Summary and Conclusions
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Summary and Conclusions book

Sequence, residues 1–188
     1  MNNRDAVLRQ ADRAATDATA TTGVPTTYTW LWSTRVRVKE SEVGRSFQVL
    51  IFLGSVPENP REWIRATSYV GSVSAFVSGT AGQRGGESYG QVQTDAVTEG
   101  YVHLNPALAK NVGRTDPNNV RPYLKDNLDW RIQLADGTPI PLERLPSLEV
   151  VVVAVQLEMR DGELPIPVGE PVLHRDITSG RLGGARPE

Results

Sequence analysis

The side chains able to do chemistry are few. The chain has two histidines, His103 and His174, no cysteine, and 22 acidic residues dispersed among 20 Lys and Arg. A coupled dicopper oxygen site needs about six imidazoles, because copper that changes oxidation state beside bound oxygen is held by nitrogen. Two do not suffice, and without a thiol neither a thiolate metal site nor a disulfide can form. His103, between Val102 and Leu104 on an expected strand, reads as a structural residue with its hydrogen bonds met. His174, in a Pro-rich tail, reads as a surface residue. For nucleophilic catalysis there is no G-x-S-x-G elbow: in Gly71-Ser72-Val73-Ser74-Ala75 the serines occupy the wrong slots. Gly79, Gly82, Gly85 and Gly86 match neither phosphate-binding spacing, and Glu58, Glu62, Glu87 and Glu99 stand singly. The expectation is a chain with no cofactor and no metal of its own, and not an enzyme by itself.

R esearch on the characteristics and determinants of foreign direct investment in China is still at the developmental stage. The main objective of this research was to contribute to the literature on FDI with respect to the locational characteristics of host country FDI, and the ownership characteristics of home country FDI. China was chosen as the host country for FDI given its prodigious growth rates in recent years and its explicit use of FDI as a development tool. The importance of China as the largest country in terms of population size and future market potential cannot be understated. Its ongoing transformation from being one of the poorest countries in the world, thirty years ago, to being the second largest economy in the world in the year 2000 in purchasing power parity terms, shows what can be achieved in a developing country with the appropriate development policies in place. China’s initiation of a reform process was particularly prompted by the economic success of its neighbors, most notably the ethnically Chinese locations of Hong Kong, Macau, Taiwan, and Singapore, not to mention Japan and its post WWII economic miracle. Whilst in the early post-war years, Japan’s outward flows of FDI were limited, Japan’s economic success, exemplified in its current account surpluses in the 1970s, and 1980s, led to a doubling in the value of the Yen as a result of the Plaza Accord in the mid 1980s. A massive outflow of FDI resulted due to increased factor costs at home. China, which began its reform process in the late 1970s, increasingly became one of the main recipients of these outflows, particularly in regard to manufacturing JFDI. Thus, the focus of this research is on the characteristics and determinants of Japanese FDI in China, in response to the dearth of literature on the subject, its inherent 216academic potential, and its importance for policy with respect to economic development in China.